Home » Reviews » Drama » We Can See It From Here and Learning How To Die Ovalhouse Theatre – Review
Credit: Northern Stage, photography by Topher McGrillis
Credit: Northern Stage, photography by Topher McGrillis

We Can See It From Here and Learning How To Die Ovalhouse Theatre – Review

 

Pros: Two interesting and varied shows.  Performances were accomplished and engaging.

Cons:  A bit more depth to each piece would be nice, even at this early stage.

  Pros: Two interesting and varied shows.  Performances were accomplished and engaging. Cons:  A bit more depth to each piece would be nice, even at this early stage. Learning How to Die and We Can See It From Here comprise a FiRST BiTES work-in-development double bill at the Ovalhouse Theatre.  If there’s an underlying theme behind the selection it might be something along the lines of ‘learning how to live’. But what really unites the shows is the simple fact that they are short unfinished pieces, each around the half hour mark, presented to the audience for critical review. The…

Summary

Rating

Good

These promising shows explore the cost and bravery of living life to the full. An enjoyable and relaxed night out for those up for encouraging new and developing theatre.

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Learning How to Die and We Can See It From Here comprise a FiRST BiTES work-in-development double bill at the Ovalhouse Theatre.  If there’s an underlying theme behind the selection it might be something along the lines of ‘learning how to live’. But what really unites the shows is the simple fact that they are short unfinished pieces, each around the half hour mark, presented to the audience for critical review.

The first show, We Can See It From Here, is performed and directed by Abigail Butler and Bella Riza.  The title for the piece is a line from the iconic film Thelma and Louise.  The characters are given the same names as their movie counterparts but this piece places greater emphasis on Thelma’s claustrophobic marriage to Daryl and her want to escape it.  The actors first appear unfolding a tablecloth and manage to convey the unsettling excessiveness of their friendship. Behind them a video screen relays scenes from a domestic interior that features the props we see on stage: a tablecloth, a vase, some flowers and a pair of scissors.  The suspense builds nicely as we head towards a point of no return.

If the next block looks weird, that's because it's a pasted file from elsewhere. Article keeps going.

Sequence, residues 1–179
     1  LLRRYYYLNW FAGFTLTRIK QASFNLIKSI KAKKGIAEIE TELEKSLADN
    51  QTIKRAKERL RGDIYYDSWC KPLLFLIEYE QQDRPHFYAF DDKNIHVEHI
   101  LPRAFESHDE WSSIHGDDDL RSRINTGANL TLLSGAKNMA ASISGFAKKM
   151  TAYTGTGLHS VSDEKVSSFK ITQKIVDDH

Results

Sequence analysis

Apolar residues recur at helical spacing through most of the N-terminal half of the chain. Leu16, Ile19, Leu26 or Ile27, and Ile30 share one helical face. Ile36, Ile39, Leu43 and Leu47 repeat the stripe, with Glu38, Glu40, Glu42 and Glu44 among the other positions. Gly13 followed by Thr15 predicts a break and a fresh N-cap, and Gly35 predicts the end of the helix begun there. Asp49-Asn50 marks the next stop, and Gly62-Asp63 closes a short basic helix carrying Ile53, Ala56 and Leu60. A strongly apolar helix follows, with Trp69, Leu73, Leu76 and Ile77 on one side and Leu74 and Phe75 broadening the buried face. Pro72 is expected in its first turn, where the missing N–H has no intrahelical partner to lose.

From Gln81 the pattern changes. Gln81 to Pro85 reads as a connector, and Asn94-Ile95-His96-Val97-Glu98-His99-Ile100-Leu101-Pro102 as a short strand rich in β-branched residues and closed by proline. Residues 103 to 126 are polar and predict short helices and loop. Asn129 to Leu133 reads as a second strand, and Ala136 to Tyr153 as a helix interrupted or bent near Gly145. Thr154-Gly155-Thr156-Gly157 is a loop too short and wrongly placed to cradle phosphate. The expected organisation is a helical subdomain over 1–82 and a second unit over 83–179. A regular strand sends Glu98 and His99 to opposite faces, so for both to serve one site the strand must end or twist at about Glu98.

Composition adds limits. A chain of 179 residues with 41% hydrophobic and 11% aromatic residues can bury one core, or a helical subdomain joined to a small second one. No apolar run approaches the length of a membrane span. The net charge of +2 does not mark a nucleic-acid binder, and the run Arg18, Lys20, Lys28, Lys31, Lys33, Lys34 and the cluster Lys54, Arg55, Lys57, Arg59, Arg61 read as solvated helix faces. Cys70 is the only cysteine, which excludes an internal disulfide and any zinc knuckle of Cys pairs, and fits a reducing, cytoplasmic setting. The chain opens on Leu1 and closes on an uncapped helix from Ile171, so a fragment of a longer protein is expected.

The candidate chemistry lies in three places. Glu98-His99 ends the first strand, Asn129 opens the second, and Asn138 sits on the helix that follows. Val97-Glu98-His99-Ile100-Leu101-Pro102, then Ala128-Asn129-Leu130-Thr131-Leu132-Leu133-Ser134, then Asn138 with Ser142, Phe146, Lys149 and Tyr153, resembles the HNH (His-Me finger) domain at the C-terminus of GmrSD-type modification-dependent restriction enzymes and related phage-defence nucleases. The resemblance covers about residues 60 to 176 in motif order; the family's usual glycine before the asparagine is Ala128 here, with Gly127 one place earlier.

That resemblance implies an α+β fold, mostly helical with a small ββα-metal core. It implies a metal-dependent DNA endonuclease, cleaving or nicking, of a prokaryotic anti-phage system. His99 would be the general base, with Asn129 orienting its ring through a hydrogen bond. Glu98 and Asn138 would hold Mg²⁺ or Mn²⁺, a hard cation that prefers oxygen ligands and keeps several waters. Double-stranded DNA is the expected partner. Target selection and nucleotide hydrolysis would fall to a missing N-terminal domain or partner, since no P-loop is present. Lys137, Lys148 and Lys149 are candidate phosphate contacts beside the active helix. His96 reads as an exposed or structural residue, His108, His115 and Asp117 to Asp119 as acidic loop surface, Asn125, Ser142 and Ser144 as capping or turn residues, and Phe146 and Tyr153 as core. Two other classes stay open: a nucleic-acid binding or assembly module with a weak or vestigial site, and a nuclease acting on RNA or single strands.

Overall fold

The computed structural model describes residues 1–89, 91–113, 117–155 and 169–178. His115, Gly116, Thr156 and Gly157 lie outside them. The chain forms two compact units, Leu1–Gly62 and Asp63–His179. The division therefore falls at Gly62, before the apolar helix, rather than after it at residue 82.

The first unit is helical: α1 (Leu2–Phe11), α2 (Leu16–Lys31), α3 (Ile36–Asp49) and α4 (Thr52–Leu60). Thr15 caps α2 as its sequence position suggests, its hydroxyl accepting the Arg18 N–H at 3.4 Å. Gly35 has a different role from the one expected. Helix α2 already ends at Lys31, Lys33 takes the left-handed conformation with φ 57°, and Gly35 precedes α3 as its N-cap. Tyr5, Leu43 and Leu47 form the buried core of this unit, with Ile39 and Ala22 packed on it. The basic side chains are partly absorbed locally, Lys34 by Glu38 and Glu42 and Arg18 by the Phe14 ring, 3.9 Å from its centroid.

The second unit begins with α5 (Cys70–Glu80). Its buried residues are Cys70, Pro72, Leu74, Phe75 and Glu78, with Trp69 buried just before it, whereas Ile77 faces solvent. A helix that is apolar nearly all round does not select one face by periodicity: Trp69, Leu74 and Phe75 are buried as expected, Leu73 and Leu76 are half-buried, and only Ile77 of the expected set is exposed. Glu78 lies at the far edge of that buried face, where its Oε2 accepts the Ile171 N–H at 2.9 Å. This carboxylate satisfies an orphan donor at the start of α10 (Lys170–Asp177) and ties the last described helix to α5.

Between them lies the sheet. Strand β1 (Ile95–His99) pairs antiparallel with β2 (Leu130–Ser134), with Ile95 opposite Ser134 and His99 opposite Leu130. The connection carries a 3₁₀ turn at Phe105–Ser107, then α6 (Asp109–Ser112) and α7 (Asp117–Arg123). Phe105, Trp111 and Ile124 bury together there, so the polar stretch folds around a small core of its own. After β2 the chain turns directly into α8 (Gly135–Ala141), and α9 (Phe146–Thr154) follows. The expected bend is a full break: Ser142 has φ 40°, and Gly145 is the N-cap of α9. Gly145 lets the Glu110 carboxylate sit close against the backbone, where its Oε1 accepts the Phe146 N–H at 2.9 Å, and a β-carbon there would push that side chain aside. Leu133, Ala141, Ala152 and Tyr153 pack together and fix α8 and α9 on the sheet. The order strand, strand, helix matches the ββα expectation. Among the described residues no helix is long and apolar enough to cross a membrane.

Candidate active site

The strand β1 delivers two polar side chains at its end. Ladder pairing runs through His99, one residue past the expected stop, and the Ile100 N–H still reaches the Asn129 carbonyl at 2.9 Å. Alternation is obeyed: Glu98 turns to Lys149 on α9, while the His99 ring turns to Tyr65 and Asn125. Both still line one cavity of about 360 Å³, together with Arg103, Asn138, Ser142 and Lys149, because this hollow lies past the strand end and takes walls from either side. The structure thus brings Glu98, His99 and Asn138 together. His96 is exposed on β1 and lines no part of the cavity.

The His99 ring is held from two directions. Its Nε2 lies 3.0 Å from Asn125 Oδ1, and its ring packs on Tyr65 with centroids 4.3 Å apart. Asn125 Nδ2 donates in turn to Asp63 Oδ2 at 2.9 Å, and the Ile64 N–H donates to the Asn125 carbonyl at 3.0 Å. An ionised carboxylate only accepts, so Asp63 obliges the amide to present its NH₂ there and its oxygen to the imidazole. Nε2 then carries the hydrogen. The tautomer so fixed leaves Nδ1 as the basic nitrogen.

The video footage is of an excellent quality and doesn’t distract from what’s happening on stage.  I really enjoyed this hybrid approach to video and physical theatre, particularly its power to unsettle.  The actors’ synchronised movements and individual quirks spoke so much of their contrasting reliance on each other, but I could see very little reason for tying the piece so closely to the movie.  The characters seem worthy of their own life and journey, and this piece succeeds in creating a highly visual world on stage.

The second show, Learning How to Die, aims to jolt you into life by bringing you closer to the stark realities of death and dying.  Performer Luca Rutherford prepares you for her candid presentation by welcoming you with sweets and the offer of a hug to anyone who wants one.   She guides you through a blend of death-related stories and facts, and throughout places posters on the wall of advice on how to live freely and connect meaningfully with others.  On stage is an empty chair, where she recreates conversations with her real-life dying father, whose voice is played through an audiotape – the most potent and affecting aspect of the piece.

This piece could benefit from a little more variation in the storytelling.  I was up for a deeper experience with the stories beyond the anecdotal way they were described and reported.  And it’s worth saying that a slight reduction in the full studio lighting would have delighted the eyes no end.   Ultimately, one admires Rutherford not only  for the bravery it takes to confront an audience with controversial issues, but also her ability to offer up her perspective with a quiet and convincing conviction.  She is pleasant company and you are happy to learn what you can from her.

After each performance the audience had a brief feedback and discussion session with the creative team.  It was great hearing about the development of the pieces and I really enjoyed hearing others’ immediate reactions to the shows in a relaxed and informal manner. There’s no pressure on anyone to contribute if they simply prefer to listen.  I know many theatre-goers who prefer to encounter the full force of someone’s completed creative vision, but for those who enjoy thinking about and supporting new theatre, both of these shows offer plenty food for thought.

Authors: Abigail Butler, Bella Riza and Luca Rutherford
Directors: Abigail Butler, Bella Riza and Iain Bloomfield
Booking Until: This show has completed its run.

About Alan Flynn

Alan Flynn
Freelance writing coach. Alan is a literature graduate who now works to help others improve their writing. Bowled over by the National Theatre’s 50th celebrations, he has since gone completely theatre loopy. His return to London, after living abroad in Toronto and Berlin, might have something to do with it. He’ll happily devour drama in all its forms. Doomed lovers, unrequited passion and death all spell a good night out. As does a glass of wine and a packet of crisps. And anything that appeals to his dark and depraved sense of humour is also much appreciated.